I wanted to share more with our friend and I thought this would be a good scenario to talk about in distinguishing confrontation from conversation. I went back to several things we mentioned in the webinar and how that might help with dilemmas like Ryan’s.
Start with taking a deep breath. It sounds simple, but it’s an important part of the process. I’ve seen my friend Kim Pevia in action during meetings and she writes, “When feeling challenged the biology goes into fight/flight/freeze and the mind is flooded with chemicals that disallow us to access our greatest thinking at a time when our greatest thinking is required in order to come to understanding. Our reptilian mind feels under attack and our ego determines to take to no prisoners, to conquer, to win. If there is a winner, there must be a loser, which creates a cycle that disallows for communication. Communication is about understanding, not about who wins and who loses.”
1) Ask yourself …
“What do I want from this conversation?”
“Am I seeking to convert this person to my way of thinking?”
“Why is that important to me?”
“Is it from my ego?”
“Why am I so certain that my way of thinking is correct?”
“Am I willing to see things from their point of view?”
“Am I being open-minded in the same way I am asking them to be?”
“How will I handle my biology when conflict arises?”
2) Assess the environment …
“Is there danger involved?”
“How far am I willing to take this conversation?”
“Is this person/organization OPEN to the conversation?”
“Is this person/organization NOT OPEN NOW to the conversation?” [Maybe it’s simply bad timing or they process differently in conflict.]
“Is this person/organization NOT OPEN EVER to the conversation?”
3) Are you still willing to engage?
After assessing the situation, are you willing to take the next step? Is it worth the risk after you’ve made your assessments? Do you value the relationship and outcome enough to move forward?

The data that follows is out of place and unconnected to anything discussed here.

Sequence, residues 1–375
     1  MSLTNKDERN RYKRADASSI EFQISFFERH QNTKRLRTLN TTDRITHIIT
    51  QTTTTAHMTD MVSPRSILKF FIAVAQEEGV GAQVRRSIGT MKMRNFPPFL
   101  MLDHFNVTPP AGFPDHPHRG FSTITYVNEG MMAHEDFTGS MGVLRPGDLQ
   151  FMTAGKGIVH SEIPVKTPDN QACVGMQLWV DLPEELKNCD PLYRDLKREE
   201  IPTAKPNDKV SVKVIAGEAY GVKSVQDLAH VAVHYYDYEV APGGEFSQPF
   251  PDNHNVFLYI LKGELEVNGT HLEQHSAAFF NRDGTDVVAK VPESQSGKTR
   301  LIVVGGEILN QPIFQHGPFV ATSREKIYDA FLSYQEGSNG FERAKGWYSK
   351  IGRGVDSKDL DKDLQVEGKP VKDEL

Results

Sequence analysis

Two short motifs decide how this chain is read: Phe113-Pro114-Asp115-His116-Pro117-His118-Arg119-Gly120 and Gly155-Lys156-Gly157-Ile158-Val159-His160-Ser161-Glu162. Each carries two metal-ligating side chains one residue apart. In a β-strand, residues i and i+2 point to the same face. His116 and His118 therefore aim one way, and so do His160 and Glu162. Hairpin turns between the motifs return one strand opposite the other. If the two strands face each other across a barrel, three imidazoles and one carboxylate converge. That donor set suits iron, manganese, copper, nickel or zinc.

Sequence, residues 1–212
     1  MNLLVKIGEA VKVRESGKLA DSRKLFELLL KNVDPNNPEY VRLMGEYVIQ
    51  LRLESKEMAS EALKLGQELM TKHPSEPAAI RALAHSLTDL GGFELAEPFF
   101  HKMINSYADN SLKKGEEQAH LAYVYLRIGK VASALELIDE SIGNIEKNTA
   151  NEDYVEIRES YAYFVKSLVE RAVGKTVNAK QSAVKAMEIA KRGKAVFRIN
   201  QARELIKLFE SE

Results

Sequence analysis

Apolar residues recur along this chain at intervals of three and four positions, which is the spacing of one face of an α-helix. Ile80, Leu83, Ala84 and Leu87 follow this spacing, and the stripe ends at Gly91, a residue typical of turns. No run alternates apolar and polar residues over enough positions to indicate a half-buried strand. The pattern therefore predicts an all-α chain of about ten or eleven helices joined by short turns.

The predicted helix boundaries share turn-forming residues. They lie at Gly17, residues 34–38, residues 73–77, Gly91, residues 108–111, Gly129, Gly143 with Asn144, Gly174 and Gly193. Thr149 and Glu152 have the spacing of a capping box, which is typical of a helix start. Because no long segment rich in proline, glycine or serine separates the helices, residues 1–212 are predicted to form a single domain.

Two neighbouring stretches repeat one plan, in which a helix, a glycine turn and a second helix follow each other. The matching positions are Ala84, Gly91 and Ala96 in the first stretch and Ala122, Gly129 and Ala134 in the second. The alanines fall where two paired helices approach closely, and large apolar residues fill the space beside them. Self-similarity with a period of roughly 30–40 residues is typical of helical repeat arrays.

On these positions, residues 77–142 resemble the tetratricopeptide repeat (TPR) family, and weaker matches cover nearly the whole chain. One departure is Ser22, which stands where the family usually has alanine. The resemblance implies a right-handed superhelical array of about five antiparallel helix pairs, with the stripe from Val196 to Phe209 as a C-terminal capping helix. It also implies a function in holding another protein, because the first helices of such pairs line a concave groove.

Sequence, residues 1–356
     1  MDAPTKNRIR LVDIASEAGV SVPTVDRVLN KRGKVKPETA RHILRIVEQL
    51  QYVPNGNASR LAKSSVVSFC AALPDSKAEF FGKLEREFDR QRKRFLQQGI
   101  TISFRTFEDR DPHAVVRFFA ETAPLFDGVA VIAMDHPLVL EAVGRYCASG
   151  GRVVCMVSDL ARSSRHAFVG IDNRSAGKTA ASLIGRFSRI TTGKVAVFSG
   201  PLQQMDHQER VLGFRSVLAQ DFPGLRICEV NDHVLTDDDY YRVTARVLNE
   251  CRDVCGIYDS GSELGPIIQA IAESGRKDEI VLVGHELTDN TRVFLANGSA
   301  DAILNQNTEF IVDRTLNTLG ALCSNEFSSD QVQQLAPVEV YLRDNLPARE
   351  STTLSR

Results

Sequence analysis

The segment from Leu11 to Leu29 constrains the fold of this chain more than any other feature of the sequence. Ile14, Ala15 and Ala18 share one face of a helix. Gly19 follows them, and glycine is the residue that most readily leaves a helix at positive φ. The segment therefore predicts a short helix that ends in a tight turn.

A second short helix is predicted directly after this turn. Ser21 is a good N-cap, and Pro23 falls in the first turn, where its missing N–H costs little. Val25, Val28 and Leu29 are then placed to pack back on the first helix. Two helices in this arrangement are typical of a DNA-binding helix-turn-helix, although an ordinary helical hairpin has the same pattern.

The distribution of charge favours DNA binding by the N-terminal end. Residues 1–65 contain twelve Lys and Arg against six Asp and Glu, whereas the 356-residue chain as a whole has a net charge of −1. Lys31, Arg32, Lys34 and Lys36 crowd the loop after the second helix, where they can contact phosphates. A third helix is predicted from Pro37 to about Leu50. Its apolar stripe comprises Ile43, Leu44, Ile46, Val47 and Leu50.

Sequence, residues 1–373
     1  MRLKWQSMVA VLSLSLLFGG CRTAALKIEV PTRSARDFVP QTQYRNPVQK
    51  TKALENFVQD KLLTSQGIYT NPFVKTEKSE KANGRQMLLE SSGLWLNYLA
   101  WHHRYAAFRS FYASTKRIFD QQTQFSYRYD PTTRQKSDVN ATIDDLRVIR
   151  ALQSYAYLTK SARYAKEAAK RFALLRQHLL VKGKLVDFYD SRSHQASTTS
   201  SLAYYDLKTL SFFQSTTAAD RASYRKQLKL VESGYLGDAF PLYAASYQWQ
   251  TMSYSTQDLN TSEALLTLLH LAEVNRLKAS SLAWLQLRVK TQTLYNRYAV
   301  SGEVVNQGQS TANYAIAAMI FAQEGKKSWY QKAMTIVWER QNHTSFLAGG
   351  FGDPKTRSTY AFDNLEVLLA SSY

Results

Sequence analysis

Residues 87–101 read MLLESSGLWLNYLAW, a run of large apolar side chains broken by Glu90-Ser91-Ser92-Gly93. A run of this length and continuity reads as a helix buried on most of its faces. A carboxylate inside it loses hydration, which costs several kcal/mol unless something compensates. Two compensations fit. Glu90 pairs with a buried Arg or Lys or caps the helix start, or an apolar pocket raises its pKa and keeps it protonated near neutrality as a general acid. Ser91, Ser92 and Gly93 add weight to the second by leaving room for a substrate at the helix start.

For me, the imagery of climbing on a seesaw is the difference between confrontation and conversation. When I was a young girl on the playground my friends and I would take turns going back and forth, up and down, until we communicated it was time to stop for the day. Our communication, both verbal and non-verbal, was essential, otherwise one of us would get plopped down on a painful “ouch.”
This is a good metaphor for what it’s like to be in an open conversation. And it’s also a reminder that there were some people on the playground who would intentionally hop off the seesaw in midair causing the other person to experience great pain. On the one hand, protecting yourself as you are initiating Inclusive Conversations and having a safe exchange is valuable (everyone isn’t seesaw worthy). On the other hand, stay aware of your biology as you’re being honest.
Kim P. reminds that honesty doesn’t have to be brutal. It’s all about having the MOST TRUTH with THE MOST CARE, and conversation rather than confrontation.
In our next webinar Inclusive Conversations: Beyond Policy Into Practice we’re going to talk about how other communications professionals are testing out the Inclusive Conversations strategies and share some advice on tools for keeping your allies with you during these difficult CAREfrontations.